Norman Macleod, Kt., C.J.
1. The first plaintiff is the proprietor of the firm of Haji Tar Mahomed Hasan. The second plaintiff is the manager of the Broach shop of the firm, Plaintiff No. 1 resides in the town of Upleta in Gondal State in Kathiawar. He has various shops in the British territory, and three shops in the Baroda State. The income of each shop is received direct from the Shop by the plaintiff at Upleta. The Income Tax Collector of the Broach City assessed the income of the plaintiffs on the income which was earned accrued within the British territory, He also sought to levy income-tax on the income earned by the shops in the Baroda State, Eventually the plaintiff had to file those three suits for a declaration that the Income Tax Officer could not levy a tax on the income of the shops of the line of plaintiff No 1 situate at Miyagam, Karwan and Badharpur in the Native State of Baroda.
2. The first question is whether the plaintiff was not barred from bringing these suits by the provisions of a, 39 of the Indian Income Tax Act II of I886, which says that no suit shall lie in any civil Court to set aside or modify any assessment under this Act. If the assessment is clearly ultra vires then we do not think that the provisions of that Act will apply. In this Case the Income Tax Collector of Broach seeks to assess a resident of the Gondal State on the profits made in the Baroda State and unless he can prove that those profits arose, or were received, in British India, then clearly the assessment is ultra vires.
3. It is not suggested that the profits were received in British India, bat it is contended that the profits accrued or arose in British India The Judge hold that the plaintiff had proved that fact, but the argument upon which his conclusion is based is clearly fallacious, He says :-' Fur plaintiff it is contended that each branch is a separate entity, the branches in British India merely purchase to order and yet their commission on the market price and merely act as any other business would do. The decision is a different one, but I think this is a case in which the profits arise or ' accrue in British India indirectly for the profits arise from the growth of the crops, conversion into grain and purchase here though the ultimate profit is made in Baroda State.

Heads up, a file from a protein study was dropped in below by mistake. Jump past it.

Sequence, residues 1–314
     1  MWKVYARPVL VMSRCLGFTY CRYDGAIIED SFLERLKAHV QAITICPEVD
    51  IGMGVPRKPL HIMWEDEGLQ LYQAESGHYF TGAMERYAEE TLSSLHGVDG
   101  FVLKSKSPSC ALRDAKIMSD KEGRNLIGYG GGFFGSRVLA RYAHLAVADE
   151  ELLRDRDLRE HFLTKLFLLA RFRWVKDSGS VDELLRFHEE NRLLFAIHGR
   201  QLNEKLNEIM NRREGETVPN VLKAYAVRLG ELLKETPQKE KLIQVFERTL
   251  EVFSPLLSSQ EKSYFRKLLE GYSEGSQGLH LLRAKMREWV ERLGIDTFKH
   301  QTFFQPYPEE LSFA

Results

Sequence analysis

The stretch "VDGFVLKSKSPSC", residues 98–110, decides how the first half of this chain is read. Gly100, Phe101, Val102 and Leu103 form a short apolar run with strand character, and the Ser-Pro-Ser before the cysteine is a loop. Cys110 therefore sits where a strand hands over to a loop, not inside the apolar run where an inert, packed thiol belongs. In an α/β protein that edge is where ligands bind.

4. If we take an instance, which must constantly be happening, of the manager of a Baroda. Branch of the plaintiff's firm Bending an order to his commission agent in Bombay for certain bales of cotton or bugs of wheat, and the cotton or wheat is sent to Baroda and sold there at a profit, it cannot possibly be said that, the profit arose in British India Because the goods may have come from Bombay or some other town in British India. It is quite clear that the profits are earned where the actual money earned m excess of the expenditure incurred,
5. That was decided in In re Auranyabad Mills Ltd. I.L.R.(1921) 45 Bom. 1288 : 23 Bom. L.R. 570 where the Court referred to the case of Commissioners of Taxation v. Kirk  A.C. 588 .
6. On the question where the ultimate profits arose which would entitle the Income Tax authority to levy a tax on profits, the Judge admits that the ultimate profits were made in the Baroda State.
7. We think, therefore, that the profits arose in the Baroda State. The decrees in all the three suits will be reversed on the ground that income tax was levied without authorization, and the appeal allowed with costs. Plaintiff will be entitled to refund of the money ho has paid, except in F.A. No. 32, where the refund will be limited to the amount claimed in the appeal, viz. Rs. 460.